Sunday, July 21, 2013

8-Wheeled Anti-Radiation Tomb and Other Radiation Skin Care Tips

The one side effect that everyone undergoing radiation therapy will experience is skin irritation and potential breakdown. Most people compare the skin reaction to a sunburn -- how bad of a sunburn will depend on a number of factors. Don't assume that having darker skin will protect you from the effect, you should still care for your skin as if you are the palest person you have ever seen.

Start moisturizing your skin every day (preferably twice a day) as soon as you know you will have to have radiation. Before your first day of radiation therapy, you can use whichever moisturizers you like best. Once your treatments start, use only moisturizers recommended by your radiation team.

As much as you can, keep things from rubbing against your radiated skin during treatment –- clothes, skin, creepy dudes. If you're getting radiation therapy on one or more breasts, the fold at the bottom of the breast and the area under your arm will be most prone to irritation from both skin-to-skin and skin-to-clothing contact. Pick your bras wisely, or go braless if you are fortunate enough for that to result in LESS rubbing (some of us windup with even more rubbing without a bra). Definitely keep the creepy dudes away from those areas.

Saline soaks are wonderfully soothing for warm and irritated skin. You can prepare your own saline to save money, or purchase packaged saline at any pharmacy. Combine your saline soak with a soothing mask or foot soak to make it a spa experience.

Continue to cleanse your skin daily, but use only gentle non-drying soaps. If you are having radiation treatments to your head or neck use gentle non-drying shampoo to wash your hair. Two trials compared the effects of washing regularly to not washing during radiation treatments. In both trials, both groups experienced the same number of adverse effects. So, keep up the good hygiene during your treatments.

Choice of Moisturizer

If you're about to start radiation therapy you may be wondering which moisturizer to use, whether to apply aloe or calendula to your skin, and just how much this is going to cost you. Luckily, several studies have been done looking at the effectiveness of various treatments.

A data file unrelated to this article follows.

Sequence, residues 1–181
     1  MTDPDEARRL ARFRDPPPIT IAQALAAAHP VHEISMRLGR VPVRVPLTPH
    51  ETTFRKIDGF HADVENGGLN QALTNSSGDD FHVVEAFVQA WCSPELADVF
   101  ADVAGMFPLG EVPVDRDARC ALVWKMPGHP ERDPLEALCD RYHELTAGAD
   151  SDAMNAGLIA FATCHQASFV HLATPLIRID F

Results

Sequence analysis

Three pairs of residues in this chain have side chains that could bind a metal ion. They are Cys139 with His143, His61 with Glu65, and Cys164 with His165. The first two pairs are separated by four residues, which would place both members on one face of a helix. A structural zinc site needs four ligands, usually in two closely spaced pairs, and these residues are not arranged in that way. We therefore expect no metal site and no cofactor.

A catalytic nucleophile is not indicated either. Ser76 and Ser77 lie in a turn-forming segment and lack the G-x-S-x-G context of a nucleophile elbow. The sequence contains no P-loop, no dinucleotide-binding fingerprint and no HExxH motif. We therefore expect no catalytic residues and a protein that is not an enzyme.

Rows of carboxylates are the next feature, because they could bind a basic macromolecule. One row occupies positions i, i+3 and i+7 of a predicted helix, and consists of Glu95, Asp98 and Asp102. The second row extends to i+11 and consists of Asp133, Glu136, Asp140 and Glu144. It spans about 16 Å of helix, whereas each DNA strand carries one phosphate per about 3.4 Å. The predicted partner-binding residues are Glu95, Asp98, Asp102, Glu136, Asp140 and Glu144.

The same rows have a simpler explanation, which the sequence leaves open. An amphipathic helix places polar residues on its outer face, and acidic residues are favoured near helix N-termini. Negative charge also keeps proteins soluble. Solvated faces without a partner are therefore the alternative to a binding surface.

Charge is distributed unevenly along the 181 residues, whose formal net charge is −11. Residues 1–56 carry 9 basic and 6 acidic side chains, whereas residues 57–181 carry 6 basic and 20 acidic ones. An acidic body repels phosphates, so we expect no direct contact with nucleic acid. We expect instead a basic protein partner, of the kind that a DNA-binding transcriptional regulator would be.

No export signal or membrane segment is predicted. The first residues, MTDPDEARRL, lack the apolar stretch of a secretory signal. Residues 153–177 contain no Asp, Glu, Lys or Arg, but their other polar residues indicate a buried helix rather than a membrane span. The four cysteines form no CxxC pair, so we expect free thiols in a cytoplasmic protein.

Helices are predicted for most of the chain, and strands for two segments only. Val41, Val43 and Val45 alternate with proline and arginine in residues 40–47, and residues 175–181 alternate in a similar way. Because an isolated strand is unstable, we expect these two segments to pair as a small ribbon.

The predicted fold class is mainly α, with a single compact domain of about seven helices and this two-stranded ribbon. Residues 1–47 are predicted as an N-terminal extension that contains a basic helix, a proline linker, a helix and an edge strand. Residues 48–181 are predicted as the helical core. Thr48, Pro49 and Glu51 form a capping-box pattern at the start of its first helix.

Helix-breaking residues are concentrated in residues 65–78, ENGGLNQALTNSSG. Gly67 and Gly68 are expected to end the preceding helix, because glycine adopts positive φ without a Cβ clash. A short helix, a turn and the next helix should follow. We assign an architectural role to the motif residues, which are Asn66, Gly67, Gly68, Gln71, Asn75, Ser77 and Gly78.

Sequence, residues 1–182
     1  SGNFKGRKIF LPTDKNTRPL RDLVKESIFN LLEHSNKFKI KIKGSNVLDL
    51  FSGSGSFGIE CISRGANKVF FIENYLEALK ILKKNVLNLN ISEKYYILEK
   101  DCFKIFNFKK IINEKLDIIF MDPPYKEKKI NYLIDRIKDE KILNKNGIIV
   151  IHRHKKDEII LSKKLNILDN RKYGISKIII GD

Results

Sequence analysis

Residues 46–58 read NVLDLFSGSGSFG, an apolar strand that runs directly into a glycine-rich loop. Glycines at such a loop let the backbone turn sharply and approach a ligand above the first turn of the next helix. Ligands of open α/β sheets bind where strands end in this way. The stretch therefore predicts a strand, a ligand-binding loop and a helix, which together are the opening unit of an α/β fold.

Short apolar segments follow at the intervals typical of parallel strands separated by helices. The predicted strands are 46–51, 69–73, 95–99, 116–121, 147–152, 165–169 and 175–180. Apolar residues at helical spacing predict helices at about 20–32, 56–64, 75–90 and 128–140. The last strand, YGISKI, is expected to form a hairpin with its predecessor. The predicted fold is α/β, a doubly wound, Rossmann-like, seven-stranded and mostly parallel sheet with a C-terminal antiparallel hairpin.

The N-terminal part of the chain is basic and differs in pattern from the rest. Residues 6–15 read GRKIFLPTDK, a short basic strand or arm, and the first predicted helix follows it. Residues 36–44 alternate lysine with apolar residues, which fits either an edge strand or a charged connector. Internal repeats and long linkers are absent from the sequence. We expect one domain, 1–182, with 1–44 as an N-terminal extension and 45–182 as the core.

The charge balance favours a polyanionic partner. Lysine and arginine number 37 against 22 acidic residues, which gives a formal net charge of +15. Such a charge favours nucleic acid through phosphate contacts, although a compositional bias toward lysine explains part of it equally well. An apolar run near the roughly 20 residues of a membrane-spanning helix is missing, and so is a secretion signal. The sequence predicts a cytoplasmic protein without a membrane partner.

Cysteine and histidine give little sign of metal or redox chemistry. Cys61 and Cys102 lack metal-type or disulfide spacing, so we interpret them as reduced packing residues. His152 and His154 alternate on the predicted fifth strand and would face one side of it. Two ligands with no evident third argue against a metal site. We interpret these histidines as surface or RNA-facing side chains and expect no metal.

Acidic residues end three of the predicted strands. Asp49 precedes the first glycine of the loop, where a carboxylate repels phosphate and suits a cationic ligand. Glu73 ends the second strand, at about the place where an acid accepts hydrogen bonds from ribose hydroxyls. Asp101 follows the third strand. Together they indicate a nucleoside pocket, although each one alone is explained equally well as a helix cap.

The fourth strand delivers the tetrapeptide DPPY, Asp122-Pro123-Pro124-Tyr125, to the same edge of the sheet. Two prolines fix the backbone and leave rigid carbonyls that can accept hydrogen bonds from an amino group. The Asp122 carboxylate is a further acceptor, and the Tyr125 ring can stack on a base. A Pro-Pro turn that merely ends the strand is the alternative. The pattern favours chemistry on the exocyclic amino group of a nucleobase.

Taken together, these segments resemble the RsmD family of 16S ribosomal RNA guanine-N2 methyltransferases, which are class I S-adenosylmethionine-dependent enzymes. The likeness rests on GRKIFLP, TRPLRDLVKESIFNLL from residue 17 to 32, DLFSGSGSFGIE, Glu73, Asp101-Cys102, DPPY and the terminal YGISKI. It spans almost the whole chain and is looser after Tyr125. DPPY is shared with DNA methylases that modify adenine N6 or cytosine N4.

A randomized study showed that calendula ointment is more effective than Biafine (trolamine), a topical ointment that is commonly used in France. However this study did not include a group that used simple water-based moisturizers or a group that used no topical treatments. Also, due to the different consistencies and colouring of the two ointments studies, the study could not be double-blind, although patients' doctors were not informed which ointments patients had been given.

According to a Cancer Care Ontario report other studies comparing the effectiveness of various types of topical treatments and moisturizers, including aloe, during radiation therapy have shown little to no difference between treatments.

So, at this point it seems that any recommendation from your radiation team will be fine. Don't feel that you have to spend a lot of money on your ointments or moisturizers, as increased cost does not appear to offer any improved outcome. In general, recommended products will be unscented, lanolin-free, and water-based (hydrophilic). Read the ingredients list to make sure there are no ingredients that you are sensitive to -– your skin will be even more sensitive during and after radiation.

If you're wondering about the title, it's from Hawkwind's Damnation Alley -- the first song on my last rad day playlist.

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